"The same is true in the secular sense here in America. We respect the office of the President no matter who occupies the White House. The Presidency transcends the man who might be the president!"

While I don't mean to sound mean-spirited or snarky, it doesn't escape my notice that a good many Americans claim to hate pomp, circumstance, and "trappings," and calling this, that, or the other thing that pertains to any of it "slavery" to Old World tendencies, etc. But yet, that self-professed skepticism and reserve seems to go out the window when it comes to the Presidency, their "stuff," some castle they visited when they went on vacation in Europe, the Royal Wedding of Will and Kate, and Downtown Abbey. I don't have a problem per se with the trappings of the Presidency, European royalty or Downtown Abbey, or even treating one's self within reason. I just have a problem with shallow, self-righteous and sanctimonious blather, especially from many American Catholics who protest too much about papal Masses and "the Vatican" being over the top, but who don't seem to bat an eyelid over our airheaded celebrities and the Superbowl halftime show. Says a lot about what we worship, don't it?

I rather suspect that what's at stake here when we talk about "humility," "simplicity," and "poverty" is not the amount or even the money involved, or how simple or ornate, but where any of it is directed. As you say, Father, good stewardship. And perhaps one of the reasons why a lot of people like Downtown Abbey is that it does raise those types of issues of what it means to be a good steward. And perhaps the other thing is to reiterate for those who are used to viewing any sort of "trappings" on a highly materialist and secularist plane that not all "trappings" are the same, where one just picks and chooses what one likes, and discards what one doesn't like. Whatever "taste" is involved still begs the question of direction and orientation.

"Yet when they come to our church, they feel rich and call this church their church home!"

Exactly the way I feel as a student who most certainly has much, and who does not expect to make a lot of money. That was brought home to me the first Christmas I ever spent away from home, where I had no parties to go to and none of the usual trappings of Christmas. But I felt rich, and it "still felt like Christmas" when I went to Mass on Christmas morning. Having been away from the Church for a bit, I can honestly say that this is one of the ways in which the Catholic Church was there for me.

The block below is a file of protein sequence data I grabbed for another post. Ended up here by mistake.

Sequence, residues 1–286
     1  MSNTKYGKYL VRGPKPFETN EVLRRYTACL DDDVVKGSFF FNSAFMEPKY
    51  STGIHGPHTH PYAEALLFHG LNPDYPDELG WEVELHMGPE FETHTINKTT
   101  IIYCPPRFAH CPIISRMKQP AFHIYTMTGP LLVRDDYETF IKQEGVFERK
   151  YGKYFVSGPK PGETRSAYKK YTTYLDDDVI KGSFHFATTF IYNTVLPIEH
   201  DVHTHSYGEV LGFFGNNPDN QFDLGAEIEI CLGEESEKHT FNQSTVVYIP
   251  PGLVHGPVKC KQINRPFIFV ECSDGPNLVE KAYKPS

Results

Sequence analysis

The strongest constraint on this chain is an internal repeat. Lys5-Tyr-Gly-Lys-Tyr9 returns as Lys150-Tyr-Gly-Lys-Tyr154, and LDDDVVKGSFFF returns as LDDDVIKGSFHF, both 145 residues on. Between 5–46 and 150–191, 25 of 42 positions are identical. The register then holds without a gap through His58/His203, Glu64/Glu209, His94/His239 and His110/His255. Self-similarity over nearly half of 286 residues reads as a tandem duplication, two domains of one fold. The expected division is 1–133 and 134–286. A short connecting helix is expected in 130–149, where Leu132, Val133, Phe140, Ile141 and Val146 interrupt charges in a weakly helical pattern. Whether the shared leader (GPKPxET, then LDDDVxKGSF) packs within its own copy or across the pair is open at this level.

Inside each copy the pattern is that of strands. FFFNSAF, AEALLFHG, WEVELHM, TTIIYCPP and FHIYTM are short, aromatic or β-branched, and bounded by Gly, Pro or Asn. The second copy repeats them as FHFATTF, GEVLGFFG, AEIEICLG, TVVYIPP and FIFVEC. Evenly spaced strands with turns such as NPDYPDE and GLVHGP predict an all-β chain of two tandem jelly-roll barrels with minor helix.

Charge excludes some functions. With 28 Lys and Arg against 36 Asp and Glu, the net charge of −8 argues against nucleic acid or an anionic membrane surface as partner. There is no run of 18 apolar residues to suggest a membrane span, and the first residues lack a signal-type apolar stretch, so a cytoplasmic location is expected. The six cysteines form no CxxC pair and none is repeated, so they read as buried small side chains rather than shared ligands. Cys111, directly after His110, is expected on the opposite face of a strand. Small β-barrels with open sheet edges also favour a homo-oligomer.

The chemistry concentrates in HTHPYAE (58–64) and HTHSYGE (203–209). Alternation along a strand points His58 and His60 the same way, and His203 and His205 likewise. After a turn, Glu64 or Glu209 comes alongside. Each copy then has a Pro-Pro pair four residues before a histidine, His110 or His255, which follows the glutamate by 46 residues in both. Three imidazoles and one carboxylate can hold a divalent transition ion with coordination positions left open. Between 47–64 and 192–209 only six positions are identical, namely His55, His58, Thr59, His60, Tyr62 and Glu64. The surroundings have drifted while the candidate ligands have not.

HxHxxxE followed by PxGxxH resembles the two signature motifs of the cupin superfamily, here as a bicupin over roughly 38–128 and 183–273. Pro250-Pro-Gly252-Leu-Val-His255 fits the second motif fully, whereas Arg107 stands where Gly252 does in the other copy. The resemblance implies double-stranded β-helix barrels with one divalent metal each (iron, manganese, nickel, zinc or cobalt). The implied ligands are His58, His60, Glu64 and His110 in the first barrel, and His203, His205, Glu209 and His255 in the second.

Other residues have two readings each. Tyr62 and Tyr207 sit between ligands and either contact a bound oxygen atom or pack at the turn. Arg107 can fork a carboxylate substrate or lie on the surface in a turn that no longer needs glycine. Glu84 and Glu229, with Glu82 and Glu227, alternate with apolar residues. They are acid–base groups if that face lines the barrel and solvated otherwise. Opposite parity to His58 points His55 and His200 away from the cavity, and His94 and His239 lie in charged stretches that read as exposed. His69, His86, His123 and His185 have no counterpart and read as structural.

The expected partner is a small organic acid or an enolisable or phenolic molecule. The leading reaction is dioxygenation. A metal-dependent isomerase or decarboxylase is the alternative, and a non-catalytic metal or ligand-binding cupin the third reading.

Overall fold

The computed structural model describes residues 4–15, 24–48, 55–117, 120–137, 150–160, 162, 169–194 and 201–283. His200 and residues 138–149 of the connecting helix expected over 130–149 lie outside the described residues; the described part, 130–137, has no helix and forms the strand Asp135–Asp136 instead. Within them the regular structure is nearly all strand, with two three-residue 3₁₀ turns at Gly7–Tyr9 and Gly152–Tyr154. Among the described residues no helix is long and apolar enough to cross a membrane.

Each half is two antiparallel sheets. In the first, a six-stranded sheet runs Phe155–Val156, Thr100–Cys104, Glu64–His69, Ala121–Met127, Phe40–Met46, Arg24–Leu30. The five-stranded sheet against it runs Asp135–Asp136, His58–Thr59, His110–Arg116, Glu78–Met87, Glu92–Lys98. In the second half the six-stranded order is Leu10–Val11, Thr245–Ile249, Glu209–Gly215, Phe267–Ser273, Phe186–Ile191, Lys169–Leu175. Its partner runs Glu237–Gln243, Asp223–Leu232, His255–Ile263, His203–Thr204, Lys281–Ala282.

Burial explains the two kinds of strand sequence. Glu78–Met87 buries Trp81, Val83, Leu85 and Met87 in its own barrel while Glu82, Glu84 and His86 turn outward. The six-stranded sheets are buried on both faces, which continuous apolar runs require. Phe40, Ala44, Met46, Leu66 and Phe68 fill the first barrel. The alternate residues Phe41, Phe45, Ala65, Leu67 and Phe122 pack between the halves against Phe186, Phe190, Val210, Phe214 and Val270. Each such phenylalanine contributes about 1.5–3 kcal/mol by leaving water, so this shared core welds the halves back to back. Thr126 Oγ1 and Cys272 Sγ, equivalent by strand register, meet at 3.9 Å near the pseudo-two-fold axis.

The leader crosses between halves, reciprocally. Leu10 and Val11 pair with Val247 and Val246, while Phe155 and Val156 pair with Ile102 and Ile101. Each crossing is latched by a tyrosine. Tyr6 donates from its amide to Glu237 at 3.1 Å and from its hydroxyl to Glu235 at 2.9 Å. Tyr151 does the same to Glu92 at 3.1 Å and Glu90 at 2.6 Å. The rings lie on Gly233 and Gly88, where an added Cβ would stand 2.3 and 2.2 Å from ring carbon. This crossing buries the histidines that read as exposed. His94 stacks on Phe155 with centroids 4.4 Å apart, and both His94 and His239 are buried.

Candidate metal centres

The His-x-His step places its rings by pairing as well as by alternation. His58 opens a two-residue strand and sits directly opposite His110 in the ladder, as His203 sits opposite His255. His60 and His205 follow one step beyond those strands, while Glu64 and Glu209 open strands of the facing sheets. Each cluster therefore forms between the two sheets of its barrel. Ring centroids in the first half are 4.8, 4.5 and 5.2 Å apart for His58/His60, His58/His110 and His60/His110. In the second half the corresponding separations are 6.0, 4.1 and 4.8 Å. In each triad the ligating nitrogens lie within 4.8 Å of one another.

"OMG, did someone forget to tell the new Holy Father, Pope Benedict eight years ago, that he must wear a long sleeve white shirt with french cuffs and cuff links or did the Holy Father send a message to the world on the Loggia that day by wearing an ordinary black sweater?"

Yeah, and look at his linen alb! Why isn't it lace?! Oh. Em. Gee. There's a difference between those nice linen albs that all the cardinals were wearing and the albs that many altar servers wear in many a suburban parish that look like they're wearing pillow cases.

Anonymous said...

Is that really the reason that the Papacy has become dressed in so much splendor--to compete with temporal kings?

I had always thought that such trappings were meant to reflect the majesty of God.

I think an argument can be made that we can both have a Church dressed in splendor and still be a Church that serves the poor.

God gives artists and architects their gifts and talents and it seems to me that we are not fair to deny them the expression of those talents in creating beautiful churches because the money would be better spent on the poor.

If you consider all the vestments and furnishings that are locked in the closets of the Vatican, we seem to forget one thing: They're already paid for.